A former Soviet submarine base at Balaclava in Crimea. (photo: The Bug Pit)
Russia's Black Sea Fleet base in Sevastopol has long been Moscow's top strategic priority in Crimea. So did the base play a role in Russia's decision to intervene in Crimea?
In 2010, just a couple of months after taking office, then-President of Ukraine Viktor Yanukovych extended Russia's lease of the Sevastopol base until 2042. And in December 2013, when Russia agreed to a big economic aid package for Ukraine following Yanukovych's decision to drop negotiations with the European Union, Yanukovych appeared poised to accept a long-time Russian demand, that Ukraine drop restrictions on Russia expanding the size and power of the fleet. Russian military expert Dmitry Gorenburg told The Bug Pit at the time that the move was "potentially very significant" and that an agreement "would probably create an environment where subsequent presidents wouldn't be able to prevent replacement."
Yanukovych's acquiescence stood in contrast to that of his pro-Western predecessor, Viktor Yushchenko, who had been reluctant to extend the base agreement (which had been valid until 2017), So Russian President Vladimir Putin no doubt was concerned that the new pro-Western authorities who ousted Yanukovych would be less accommodating to the base.
“It’s hard to speculate on motivations, but it may be that one of the main reasons for the (events) in Crimea was, legitimately or not, they thought they might lose the base in Sevastopol,” Gorenburg told the American newspaper Stars and Stripes. "Putin had every reason to think that would happen," Fyodor Lukyanov, editor of the Moscow-based Russia in Global Affairs journal, told Reuters. "The new government in Ukraine wants to move closer to the European Union and NATO. Their agenda would have meant the fleet would have to leave."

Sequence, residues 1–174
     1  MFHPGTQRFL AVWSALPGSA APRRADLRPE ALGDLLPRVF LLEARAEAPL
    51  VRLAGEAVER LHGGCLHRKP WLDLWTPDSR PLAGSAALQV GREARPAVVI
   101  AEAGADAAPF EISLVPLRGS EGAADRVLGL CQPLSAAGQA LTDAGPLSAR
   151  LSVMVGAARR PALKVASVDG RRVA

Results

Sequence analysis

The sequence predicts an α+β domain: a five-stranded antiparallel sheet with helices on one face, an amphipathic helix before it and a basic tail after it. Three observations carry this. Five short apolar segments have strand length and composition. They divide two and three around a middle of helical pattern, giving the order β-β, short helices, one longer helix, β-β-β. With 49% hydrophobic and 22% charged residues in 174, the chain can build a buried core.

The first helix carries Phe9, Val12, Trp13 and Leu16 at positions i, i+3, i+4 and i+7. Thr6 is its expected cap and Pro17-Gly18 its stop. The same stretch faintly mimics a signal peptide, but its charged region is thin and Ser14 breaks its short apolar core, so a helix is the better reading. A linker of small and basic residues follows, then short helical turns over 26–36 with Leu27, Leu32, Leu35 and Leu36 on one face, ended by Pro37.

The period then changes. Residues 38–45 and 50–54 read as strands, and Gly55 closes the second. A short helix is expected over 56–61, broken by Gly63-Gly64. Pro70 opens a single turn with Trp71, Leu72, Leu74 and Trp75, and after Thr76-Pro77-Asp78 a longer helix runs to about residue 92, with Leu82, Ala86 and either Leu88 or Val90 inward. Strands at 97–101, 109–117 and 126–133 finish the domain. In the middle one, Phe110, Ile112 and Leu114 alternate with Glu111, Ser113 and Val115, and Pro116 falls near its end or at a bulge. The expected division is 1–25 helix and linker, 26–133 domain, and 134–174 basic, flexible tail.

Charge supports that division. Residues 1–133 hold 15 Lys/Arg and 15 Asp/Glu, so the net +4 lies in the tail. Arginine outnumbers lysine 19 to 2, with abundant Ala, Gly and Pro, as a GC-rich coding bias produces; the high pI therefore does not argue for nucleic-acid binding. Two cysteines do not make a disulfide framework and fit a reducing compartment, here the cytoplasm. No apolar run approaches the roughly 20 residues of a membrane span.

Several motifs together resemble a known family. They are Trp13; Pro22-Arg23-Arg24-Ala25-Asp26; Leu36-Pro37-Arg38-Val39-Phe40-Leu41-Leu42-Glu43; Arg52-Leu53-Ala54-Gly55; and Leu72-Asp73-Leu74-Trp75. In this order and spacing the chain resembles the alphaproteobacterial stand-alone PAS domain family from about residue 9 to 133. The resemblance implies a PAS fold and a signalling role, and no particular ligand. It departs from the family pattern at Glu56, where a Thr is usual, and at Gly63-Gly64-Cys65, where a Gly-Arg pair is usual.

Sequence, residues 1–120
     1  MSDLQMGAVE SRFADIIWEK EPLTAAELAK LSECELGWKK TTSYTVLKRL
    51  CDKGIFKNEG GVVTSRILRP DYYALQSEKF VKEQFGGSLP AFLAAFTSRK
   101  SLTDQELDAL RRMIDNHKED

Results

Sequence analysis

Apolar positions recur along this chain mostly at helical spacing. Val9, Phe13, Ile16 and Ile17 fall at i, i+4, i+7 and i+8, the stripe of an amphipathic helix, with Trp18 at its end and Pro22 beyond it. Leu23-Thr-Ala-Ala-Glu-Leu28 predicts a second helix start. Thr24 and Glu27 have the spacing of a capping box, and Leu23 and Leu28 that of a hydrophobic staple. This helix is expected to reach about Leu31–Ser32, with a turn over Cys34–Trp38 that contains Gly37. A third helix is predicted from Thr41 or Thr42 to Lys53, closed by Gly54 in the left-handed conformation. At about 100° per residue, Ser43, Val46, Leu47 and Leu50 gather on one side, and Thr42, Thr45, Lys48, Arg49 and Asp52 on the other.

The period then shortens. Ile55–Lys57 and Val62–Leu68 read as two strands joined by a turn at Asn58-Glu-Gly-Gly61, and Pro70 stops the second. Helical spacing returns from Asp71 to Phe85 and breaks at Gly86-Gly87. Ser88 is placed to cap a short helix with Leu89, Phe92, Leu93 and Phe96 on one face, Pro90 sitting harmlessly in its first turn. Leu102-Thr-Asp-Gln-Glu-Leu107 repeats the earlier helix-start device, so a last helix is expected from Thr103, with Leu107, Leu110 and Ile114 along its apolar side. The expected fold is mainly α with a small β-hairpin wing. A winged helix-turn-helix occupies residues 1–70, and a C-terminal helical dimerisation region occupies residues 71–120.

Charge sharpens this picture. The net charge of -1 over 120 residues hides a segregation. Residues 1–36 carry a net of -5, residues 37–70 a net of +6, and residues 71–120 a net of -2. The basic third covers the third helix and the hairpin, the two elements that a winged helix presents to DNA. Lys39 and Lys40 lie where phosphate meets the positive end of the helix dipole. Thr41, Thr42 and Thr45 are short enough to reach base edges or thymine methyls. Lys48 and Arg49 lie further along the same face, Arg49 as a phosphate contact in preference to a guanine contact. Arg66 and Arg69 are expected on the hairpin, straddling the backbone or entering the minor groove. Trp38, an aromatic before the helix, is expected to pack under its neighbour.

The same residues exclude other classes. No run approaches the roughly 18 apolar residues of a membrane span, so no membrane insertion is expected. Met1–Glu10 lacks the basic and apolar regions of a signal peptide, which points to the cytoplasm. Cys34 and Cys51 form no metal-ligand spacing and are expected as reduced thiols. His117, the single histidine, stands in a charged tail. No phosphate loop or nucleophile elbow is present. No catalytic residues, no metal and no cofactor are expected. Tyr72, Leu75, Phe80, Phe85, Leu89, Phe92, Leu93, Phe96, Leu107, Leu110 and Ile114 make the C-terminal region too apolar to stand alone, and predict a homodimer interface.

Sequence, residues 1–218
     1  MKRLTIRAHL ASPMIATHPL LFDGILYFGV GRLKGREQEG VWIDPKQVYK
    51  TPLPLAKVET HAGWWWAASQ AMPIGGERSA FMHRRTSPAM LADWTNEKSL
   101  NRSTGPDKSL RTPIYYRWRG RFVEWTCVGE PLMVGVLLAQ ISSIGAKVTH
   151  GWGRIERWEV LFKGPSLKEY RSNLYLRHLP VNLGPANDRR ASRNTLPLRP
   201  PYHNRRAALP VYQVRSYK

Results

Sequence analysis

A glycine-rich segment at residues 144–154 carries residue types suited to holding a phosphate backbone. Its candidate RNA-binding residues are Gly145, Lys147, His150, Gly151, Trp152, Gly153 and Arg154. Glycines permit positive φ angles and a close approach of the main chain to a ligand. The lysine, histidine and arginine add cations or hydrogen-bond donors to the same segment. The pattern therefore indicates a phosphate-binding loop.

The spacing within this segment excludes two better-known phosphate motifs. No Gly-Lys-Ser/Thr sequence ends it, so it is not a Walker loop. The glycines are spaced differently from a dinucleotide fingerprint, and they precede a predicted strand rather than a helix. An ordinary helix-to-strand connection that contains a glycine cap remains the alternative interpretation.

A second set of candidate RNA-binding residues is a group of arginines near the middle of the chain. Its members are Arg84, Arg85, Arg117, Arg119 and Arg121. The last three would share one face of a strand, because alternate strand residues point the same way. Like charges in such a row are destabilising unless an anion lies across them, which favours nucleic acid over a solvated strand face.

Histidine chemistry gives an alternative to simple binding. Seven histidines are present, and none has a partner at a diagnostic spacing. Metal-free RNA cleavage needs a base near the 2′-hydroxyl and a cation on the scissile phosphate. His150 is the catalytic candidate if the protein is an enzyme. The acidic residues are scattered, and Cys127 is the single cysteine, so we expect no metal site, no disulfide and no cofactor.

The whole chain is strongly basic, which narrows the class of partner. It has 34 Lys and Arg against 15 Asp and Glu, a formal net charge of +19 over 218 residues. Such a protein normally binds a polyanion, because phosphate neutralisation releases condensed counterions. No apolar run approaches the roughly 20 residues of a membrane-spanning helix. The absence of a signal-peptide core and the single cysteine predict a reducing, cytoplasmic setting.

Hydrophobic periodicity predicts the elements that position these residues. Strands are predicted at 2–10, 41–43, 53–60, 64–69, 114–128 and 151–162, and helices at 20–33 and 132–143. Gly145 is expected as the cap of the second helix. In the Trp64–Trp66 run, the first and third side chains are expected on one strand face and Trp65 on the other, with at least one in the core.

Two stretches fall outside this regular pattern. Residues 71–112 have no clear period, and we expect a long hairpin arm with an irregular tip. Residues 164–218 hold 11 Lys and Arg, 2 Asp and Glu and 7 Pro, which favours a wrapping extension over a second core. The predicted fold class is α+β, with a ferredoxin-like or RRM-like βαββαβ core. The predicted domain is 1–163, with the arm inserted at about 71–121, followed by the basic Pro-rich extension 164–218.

And in a March 4 piece in the New York TImes, military analyst and Kremlin insider Ruslan Pukhov wrote that Russia's moves were likely an attempt to force Kiev to accept its conditions for the base:
A referendum on March 30 is likely to result in a vote for further autonomy, and it would provide Crimea with such broad freedoms that it would become a de facto Russian protectorate. Moscow would then aim to keep the Russian Black Sea fleet in Crimea indefinitely, and remove any limits on its operations, size and replenishment.
At present, Mr. Putin is seeking to strong-arm the new, weak and unstable government in Kiev into agreeing to full autonomy for Crimea rather than risk a full scale invasion into Ukraine and a partition that chops off the country’s entire south and east. The intimidated government is likely to be compelled to accept this compromise.
But Pukhov also argued that "Mr. Putin’s aim is not a de jure separation of Crimea from the rest of Ukraine. That would be legally problematic and disadvantageous to Moscow." And just two days later, the Crimean parliament voted to join Russia and Russia started making moves to accept Crimea. That's not to say Pukhov was wrong: there is a high degree of improvisation apparent in the Kremlin strategy here, so he may have been right -- at the time.
Whatever the importance of the Black Sea Fleet, however, it seems that this extreme move -- the looming annexation of Crimea -- can not be explained only by cold strategic considerations. The Kremlin also, it seems clear, is trying to take revenge for two decades of Russian humiliation at the hands of the West, which has been a conspicuous focus of Putin's second run as president.
We don't know what the new authorities in Kiev would have done with respect to the base. But since Russia's intervention, they have started, understandably, calling for its removal. “Today it is obvious that basically the Black Sea fleet has become the source of a war ... a ground for seizing our state,” she told the AP, adding that Ukraine must not make any compromises to appease Russia. “We believe that the aggressor must leave without any conditions." And protest leader Vitaly Klitschko said that "parliament should ... consider scrapping the agreement on the Black Sea Fleet lease.” What's not clear is if the authorities in Kiev are going to have any say in what happens in Crimea.